16.  Reiterates its position that the duration of the MFF should be aligned with the political cycle of both Parliament and the Commission and should ensure long-term programming; stresses, in this context, that the duration of the MFF should take full account of the need for longer-term predictability in the implementation of European Structural and Investment Fund (ESIF) programmes under shared management, which cannot operate without the stability of at least a seven-year commitment; proposes, therefore, that the next MFF should be agreed for a period of 5+5 years with a mandatory mid-term revision;

17.  Notes the Commission President’s announcement in his State of the Union address of an upcoming proposal for a dedicated euro area budget line; calls on the Commission to come up with additional and more detailed information in that respect; recalls that Parliament’s resolution of 16 February 2017 calls for a specific euro area budgetary capacity which should be part of the EU budget over and above the current ceilings of the MFF and financed by euro area and other participating members via a source of revenue, which should, for its part, be agreed between participating Member States and considered to be assigned revenue and guarantees;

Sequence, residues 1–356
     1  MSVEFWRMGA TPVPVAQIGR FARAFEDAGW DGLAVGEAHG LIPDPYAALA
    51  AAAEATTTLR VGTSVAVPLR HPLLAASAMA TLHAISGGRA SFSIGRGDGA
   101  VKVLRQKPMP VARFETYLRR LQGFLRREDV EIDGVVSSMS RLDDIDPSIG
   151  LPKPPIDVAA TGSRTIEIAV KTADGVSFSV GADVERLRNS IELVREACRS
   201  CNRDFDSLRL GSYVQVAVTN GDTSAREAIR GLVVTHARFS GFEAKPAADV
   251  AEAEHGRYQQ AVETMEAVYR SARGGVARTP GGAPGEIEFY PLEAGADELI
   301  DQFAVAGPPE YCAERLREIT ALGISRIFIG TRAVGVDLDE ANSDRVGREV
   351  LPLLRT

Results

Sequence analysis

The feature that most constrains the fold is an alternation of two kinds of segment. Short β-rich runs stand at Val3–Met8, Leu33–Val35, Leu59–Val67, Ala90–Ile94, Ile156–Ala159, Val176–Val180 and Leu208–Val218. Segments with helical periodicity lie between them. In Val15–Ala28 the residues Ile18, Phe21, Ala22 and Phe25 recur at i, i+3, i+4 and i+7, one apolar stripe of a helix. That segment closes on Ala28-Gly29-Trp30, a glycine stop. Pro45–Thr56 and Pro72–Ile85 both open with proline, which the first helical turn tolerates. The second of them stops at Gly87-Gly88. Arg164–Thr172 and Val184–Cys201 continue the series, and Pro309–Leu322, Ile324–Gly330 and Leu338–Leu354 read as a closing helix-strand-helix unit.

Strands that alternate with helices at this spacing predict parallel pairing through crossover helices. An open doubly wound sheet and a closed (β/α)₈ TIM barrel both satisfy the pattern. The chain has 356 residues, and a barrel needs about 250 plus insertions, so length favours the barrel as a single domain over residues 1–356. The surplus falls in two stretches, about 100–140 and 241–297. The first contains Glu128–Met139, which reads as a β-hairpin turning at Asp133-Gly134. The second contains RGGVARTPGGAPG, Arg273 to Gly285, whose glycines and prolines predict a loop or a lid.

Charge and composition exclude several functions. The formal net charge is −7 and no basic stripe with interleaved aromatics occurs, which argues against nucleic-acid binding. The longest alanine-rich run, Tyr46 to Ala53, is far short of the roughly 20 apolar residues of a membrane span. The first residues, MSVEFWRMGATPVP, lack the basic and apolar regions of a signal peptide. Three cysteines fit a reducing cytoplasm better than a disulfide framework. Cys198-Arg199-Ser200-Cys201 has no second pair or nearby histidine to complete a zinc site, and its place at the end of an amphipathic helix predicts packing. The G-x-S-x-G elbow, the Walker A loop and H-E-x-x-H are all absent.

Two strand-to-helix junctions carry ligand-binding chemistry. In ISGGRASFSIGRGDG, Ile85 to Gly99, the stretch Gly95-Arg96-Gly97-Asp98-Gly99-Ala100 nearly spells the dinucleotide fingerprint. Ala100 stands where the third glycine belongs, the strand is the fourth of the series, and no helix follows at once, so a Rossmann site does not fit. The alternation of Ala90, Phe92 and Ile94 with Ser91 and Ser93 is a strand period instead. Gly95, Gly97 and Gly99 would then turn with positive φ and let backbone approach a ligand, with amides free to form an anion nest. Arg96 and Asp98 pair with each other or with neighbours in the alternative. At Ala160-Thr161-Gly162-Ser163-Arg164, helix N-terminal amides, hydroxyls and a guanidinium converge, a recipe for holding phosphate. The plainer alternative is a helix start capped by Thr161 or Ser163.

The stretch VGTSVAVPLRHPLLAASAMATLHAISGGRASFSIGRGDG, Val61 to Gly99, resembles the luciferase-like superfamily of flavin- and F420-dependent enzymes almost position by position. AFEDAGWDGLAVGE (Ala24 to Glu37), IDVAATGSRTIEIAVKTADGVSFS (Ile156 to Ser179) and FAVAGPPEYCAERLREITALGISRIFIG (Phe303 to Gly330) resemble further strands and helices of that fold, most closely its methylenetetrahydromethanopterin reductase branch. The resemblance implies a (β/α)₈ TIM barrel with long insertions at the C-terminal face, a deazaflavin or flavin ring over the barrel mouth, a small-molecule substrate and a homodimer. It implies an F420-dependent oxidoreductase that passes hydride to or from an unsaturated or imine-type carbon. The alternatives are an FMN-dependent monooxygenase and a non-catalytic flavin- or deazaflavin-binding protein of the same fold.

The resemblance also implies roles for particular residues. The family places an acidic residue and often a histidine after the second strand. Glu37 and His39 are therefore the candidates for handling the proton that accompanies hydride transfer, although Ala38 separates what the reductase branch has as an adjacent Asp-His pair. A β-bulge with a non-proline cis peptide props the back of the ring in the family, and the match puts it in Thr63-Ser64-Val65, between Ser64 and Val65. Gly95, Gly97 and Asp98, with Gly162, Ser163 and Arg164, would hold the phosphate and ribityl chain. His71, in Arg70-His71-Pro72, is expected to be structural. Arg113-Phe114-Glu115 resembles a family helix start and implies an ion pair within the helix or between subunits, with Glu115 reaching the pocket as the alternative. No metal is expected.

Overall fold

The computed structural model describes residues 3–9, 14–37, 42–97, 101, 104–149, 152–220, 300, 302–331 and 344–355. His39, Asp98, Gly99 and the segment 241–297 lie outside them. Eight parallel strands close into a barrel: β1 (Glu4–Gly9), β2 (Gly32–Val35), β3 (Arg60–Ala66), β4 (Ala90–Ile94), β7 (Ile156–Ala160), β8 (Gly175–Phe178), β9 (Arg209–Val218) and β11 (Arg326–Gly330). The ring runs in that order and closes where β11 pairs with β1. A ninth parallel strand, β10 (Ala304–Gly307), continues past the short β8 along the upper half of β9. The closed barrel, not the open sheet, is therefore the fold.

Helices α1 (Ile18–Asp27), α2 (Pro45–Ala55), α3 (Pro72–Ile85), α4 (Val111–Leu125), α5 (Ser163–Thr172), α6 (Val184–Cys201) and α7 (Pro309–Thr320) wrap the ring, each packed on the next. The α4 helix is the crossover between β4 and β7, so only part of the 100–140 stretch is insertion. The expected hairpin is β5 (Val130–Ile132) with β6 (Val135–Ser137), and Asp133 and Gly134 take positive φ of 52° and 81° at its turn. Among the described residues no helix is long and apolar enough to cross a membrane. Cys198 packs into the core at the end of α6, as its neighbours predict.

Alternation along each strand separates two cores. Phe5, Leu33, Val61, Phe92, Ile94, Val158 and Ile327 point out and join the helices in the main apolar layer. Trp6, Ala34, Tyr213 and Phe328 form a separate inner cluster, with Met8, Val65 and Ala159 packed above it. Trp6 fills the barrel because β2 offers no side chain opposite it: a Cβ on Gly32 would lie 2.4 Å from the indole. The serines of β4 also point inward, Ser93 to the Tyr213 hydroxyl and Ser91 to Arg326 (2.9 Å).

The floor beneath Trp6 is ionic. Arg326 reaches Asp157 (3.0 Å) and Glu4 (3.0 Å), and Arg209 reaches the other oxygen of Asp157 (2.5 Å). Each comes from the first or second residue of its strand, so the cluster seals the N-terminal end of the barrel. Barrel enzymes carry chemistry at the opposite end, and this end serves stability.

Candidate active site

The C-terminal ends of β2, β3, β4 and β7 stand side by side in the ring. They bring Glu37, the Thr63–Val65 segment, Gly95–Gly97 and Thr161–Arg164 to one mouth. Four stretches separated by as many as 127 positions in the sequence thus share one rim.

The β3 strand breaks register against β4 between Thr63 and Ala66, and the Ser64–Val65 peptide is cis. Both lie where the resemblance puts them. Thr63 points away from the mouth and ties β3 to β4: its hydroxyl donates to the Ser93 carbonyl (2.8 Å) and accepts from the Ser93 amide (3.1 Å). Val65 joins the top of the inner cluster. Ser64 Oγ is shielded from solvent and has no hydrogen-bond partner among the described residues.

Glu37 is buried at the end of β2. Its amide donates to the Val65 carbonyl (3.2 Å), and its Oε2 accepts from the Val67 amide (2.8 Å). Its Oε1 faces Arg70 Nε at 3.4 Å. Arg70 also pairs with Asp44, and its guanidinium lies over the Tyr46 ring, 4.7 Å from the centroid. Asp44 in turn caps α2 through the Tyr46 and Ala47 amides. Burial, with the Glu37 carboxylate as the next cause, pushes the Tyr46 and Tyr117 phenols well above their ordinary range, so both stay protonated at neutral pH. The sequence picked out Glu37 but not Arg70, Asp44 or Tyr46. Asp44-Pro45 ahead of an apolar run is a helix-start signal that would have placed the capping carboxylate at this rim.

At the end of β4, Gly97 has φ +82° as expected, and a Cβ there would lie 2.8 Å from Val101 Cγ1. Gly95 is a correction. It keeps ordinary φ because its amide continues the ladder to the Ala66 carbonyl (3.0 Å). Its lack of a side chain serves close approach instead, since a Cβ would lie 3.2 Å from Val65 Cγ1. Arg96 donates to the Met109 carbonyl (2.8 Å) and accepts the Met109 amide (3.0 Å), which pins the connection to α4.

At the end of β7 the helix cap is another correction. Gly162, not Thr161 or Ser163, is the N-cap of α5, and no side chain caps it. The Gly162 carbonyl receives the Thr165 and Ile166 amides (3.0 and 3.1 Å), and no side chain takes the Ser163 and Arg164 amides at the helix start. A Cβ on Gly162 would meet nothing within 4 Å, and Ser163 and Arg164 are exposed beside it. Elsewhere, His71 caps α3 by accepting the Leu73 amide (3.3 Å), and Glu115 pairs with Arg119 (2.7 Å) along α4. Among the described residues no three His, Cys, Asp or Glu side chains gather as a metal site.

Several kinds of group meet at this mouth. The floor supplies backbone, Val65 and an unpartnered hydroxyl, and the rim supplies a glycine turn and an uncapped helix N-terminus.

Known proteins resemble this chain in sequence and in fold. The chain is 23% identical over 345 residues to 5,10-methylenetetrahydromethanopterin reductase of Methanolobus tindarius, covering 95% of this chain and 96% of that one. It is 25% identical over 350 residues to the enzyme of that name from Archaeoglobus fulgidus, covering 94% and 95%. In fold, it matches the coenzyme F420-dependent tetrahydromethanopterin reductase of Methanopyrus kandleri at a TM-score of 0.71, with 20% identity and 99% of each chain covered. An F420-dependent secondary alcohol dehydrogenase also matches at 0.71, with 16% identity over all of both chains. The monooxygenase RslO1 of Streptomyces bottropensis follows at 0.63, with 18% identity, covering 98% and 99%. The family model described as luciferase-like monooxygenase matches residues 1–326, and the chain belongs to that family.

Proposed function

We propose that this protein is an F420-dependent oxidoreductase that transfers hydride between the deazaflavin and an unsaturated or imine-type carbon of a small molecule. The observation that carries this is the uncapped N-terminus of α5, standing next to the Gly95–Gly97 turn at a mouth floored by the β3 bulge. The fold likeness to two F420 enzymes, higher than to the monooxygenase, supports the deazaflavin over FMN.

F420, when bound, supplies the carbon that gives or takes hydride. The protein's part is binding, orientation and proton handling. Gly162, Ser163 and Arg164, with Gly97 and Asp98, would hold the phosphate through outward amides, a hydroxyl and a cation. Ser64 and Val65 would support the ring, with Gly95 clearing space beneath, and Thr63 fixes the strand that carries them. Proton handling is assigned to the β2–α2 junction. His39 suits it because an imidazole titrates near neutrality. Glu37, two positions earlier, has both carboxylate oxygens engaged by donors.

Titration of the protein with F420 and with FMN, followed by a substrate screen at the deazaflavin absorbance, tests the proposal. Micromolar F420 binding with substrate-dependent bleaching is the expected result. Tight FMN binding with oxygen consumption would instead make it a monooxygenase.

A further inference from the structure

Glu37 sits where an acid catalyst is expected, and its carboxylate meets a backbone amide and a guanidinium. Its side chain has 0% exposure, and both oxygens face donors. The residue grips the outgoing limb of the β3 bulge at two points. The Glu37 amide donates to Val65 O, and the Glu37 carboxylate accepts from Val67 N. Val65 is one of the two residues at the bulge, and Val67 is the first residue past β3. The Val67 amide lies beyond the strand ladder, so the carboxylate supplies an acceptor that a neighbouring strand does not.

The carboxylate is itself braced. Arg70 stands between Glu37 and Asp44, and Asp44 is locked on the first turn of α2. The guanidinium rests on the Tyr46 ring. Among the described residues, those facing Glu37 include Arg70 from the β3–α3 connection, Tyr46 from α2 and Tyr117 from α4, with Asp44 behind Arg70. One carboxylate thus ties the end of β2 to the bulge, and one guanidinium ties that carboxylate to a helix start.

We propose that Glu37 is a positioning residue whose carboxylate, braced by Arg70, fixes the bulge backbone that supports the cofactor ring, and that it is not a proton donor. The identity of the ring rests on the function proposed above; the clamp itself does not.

18.  Expects the Commission to present its proposals on both the future MFF and own resources by May 2018; states its intention to present in due time its own position on all related aspects, and expects Parliament’s views to be fully incorporated into the forthcoming Commission proposals;

19.  Expresses its readiness to engage in a structured dialogue with the Commission and the Council, with a view to reaching a final agreement on the next MFF before the end of the current parliamentary term; is convinced that an early adoption of the MFF Regulation will enable the subsequent adoption of all sectoral legislative acts in time for the new programmes to be in place at the beginning of the next period; stresses the detrimental effects of the late launching of the programmes under the current MFF; urges the European Council, in this context, to use the ‘passerelle’ clause of Article 312(2) TFEU, which allows qualified majority voting on the MFF in Council;

20.  Instructs its President to forward this resolution to the Council, the Commission, the other institutions and bodies concerned, and the governments and parliaments of the Member States.

(1) OJ L 347, 20.12.2013, p. 884.
(2) OJ C 373, 20.12.2013, p. 1.
(3) Texts adopted, P8_TA(2016)0309.
(4) Texts adopted, P8_TA(2017)0050.